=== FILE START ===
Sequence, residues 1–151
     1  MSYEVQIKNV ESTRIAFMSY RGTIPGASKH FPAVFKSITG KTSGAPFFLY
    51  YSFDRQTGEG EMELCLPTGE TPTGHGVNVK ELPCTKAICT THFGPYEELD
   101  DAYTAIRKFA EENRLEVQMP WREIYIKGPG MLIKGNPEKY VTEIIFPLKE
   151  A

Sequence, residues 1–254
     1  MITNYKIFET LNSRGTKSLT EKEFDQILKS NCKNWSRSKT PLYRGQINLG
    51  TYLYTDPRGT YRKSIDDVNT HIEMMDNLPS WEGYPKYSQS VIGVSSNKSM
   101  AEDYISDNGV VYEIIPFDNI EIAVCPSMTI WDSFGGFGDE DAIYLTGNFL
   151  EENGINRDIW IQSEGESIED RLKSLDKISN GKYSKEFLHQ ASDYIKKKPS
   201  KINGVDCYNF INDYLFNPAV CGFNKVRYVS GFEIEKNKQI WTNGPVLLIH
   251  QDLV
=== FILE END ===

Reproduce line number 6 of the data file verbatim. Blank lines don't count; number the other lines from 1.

Sequence, residues 1–254